Editorial : A clarifying sense of gratitude
As a community, we grouse too much. We deplore too much. We complain too much. We nag too much. We spend too much time demanding new rules to stop our neighbors and friends from enjoying themselves. We are crabbed and fretful, and we are increasingly convinced that our leaders are criminals - or would be criminals if we could only catch and try them. At the same time, testifying to a gross failure of introspection, we also admire ourselves too much. It's one thing or the other with us.
But happily, here comes Independence Day to drain away the bile and the fear, to humble and revive us with the clarifying sense of gratitude that we, along with Americans everywhere, are freer than any other people on earth.
This glorious national birthday is a moment to drop our guard against the off-Island world as well as our near neighbors and to consider the marvelous connections we have with the vast palette of Americans, quite a few of whom have chosen to celebrate their independence with us.
The Fourth is a grand, old-time celebration, and in keeping with the Vineyard's stubborn adherence in most things to revered past practice, whether for good or ill, we shall celebrate it in the ways we always have.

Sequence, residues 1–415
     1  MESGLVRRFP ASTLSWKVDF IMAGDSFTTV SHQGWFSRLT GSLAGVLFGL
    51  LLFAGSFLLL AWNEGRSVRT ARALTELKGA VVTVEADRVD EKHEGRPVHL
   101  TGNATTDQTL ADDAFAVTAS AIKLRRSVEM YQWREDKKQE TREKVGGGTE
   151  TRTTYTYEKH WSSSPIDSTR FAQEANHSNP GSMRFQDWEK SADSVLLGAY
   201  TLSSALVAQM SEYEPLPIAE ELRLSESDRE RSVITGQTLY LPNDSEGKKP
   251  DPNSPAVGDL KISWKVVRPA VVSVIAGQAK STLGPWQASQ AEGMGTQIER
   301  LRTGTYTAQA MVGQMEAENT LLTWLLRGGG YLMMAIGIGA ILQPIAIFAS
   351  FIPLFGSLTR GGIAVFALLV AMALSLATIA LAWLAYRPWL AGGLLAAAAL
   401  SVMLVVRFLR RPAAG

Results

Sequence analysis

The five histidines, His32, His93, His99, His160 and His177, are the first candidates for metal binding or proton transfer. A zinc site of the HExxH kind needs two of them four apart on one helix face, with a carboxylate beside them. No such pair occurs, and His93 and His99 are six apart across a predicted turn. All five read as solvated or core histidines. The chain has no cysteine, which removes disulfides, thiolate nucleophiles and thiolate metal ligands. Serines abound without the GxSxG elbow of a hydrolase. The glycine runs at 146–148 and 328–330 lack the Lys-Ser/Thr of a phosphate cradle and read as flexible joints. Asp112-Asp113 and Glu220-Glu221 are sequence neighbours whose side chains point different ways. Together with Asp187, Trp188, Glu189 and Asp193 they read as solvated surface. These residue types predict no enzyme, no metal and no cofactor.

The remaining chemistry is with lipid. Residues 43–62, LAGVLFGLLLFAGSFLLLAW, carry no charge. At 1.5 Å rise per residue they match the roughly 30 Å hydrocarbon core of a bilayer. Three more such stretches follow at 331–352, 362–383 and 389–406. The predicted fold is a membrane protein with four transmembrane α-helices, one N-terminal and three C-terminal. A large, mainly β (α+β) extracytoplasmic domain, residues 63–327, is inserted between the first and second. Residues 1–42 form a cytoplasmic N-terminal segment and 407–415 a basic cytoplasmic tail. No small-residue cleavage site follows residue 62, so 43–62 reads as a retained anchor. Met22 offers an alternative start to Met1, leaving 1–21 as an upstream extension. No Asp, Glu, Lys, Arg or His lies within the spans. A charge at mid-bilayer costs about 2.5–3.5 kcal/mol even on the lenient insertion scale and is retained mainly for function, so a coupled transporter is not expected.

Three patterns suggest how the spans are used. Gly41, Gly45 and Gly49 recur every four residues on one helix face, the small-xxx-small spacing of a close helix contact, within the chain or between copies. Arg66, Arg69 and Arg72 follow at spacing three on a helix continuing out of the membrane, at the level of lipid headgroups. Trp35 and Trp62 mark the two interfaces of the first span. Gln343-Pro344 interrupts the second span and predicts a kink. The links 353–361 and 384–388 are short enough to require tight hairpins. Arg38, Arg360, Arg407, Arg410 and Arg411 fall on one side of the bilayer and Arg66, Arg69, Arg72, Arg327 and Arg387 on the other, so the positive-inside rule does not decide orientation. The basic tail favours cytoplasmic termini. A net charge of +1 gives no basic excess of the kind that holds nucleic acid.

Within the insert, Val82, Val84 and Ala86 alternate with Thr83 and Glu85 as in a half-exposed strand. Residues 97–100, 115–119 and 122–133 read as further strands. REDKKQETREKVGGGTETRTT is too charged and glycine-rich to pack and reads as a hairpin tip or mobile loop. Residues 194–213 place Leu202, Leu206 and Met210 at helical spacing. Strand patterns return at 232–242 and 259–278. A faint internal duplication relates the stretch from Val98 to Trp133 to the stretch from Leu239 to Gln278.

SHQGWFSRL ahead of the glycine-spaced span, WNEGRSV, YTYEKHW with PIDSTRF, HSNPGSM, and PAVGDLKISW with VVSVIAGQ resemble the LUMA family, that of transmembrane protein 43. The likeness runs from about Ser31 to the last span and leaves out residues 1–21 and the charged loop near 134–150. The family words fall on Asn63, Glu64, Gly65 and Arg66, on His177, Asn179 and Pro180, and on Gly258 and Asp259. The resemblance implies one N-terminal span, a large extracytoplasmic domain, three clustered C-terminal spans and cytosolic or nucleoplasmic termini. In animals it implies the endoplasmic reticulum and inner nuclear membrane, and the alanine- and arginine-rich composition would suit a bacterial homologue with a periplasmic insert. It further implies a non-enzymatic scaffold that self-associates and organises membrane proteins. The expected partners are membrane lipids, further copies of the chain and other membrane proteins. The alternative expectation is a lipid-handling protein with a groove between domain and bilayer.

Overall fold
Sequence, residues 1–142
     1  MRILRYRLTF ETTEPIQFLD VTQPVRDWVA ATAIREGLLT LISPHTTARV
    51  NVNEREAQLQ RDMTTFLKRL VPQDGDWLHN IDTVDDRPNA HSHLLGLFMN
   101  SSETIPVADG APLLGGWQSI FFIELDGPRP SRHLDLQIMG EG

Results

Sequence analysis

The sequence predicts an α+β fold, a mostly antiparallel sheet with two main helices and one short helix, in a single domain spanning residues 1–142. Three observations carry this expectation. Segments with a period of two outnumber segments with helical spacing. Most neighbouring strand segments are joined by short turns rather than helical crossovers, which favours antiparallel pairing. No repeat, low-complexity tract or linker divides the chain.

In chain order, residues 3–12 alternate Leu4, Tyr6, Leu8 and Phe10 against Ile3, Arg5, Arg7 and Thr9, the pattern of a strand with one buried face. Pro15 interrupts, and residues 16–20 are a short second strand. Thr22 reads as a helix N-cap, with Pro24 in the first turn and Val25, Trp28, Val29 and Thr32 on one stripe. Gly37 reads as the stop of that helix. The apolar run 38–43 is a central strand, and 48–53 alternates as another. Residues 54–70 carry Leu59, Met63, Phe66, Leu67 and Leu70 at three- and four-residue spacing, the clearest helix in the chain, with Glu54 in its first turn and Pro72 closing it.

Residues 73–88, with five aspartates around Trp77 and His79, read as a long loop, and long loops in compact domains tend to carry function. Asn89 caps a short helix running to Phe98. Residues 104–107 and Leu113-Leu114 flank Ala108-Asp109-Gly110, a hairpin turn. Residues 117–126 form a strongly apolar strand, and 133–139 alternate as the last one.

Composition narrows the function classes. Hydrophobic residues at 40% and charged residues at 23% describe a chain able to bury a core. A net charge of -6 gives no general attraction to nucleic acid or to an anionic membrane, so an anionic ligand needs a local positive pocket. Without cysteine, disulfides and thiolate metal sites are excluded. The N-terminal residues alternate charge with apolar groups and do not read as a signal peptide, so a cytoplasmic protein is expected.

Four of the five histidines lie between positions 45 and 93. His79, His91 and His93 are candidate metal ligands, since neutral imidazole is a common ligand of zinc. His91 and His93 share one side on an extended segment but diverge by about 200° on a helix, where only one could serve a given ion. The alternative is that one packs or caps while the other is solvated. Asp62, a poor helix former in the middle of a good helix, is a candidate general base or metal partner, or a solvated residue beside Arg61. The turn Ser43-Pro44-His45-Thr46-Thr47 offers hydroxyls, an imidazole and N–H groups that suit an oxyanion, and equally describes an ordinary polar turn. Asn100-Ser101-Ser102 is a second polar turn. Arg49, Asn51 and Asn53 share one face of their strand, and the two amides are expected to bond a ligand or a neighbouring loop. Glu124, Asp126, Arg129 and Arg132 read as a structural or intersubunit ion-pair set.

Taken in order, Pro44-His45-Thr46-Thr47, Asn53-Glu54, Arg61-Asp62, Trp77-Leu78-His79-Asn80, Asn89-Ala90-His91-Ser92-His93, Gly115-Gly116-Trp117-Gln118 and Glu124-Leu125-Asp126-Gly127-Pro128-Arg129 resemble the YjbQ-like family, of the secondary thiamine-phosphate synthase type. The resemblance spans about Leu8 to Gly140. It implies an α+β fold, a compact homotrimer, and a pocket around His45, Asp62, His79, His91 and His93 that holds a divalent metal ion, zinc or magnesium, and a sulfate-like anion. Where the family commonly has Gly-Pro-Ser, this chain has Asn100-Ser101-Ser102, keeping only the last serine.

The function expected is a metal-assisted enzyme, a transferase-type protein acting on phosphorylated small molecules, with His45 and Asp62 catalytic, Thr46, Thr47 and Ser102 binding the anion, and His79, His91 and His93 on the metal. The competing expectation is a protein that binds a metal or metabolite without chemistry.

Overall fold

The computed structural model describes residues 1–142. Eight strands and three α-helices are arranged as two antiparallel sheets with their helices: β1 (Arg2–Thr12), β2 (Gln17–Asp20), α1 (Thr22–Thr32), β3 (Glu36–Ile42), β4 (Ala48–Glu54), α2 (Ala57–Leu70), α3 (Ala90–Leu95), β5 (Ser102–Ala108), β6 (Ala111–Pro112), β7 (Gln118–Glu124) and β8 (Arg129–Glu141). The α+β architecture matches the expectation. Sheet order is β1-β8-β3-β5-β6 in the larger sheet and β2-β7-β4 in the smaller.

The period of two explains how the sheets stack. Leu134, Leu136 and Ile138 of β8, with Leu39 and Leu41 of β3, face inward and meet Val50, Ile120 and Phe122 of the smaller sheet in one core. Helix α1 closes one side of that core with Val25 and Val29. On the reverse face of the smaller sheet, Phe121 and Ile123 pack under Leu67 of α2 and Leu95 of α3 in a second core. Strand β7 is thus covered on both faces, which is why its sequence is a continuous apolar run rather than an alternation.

There will be barbecues and fireworks and beach picnics and relatives, and there will be the parade in Edgartown - little changed over the years, wonderfully down to earth - expressive not just of the town that is the county seat, but of the Vineyard as a whole. And visitors, as well as residents, will line the route to smile at the simplicity of it, the silliness of it, the unspectacular and authentic character of a community that knows what it means to be free and values its independence above all.
Veterans will squeeze themselves into musty, treasured uniforms untarnished by passing years. They will march, remembering when they were so brave, and then when they were so sad. Political leaders will join the parade, too; and the spectators, who know the politicians for who they are, will enjoy their magisterial participation and waving from seats in convertibles they do not own.
There will be screaming fire trucks and the antique pumper that the company draws by hand along the route. And clowns and kids, and more political and nonprofit messages than you can shake a stick at. What fun.
The first celebration of Independence Day occurred in Philadelphia in July 1777, a year after the "Unanimous Declaration of the Thirteen United States of America" was adopted by the Second Continental Congress. It became, after the end of the War of 1812, the nation's greatest secular holiday. And it remains so: noisy, happy, lively, unrestrained, a moment at early summer when Islanders drop their customary seasonal back-off attitude and instead say, come on, fortunately, we all have something grand to celebrate.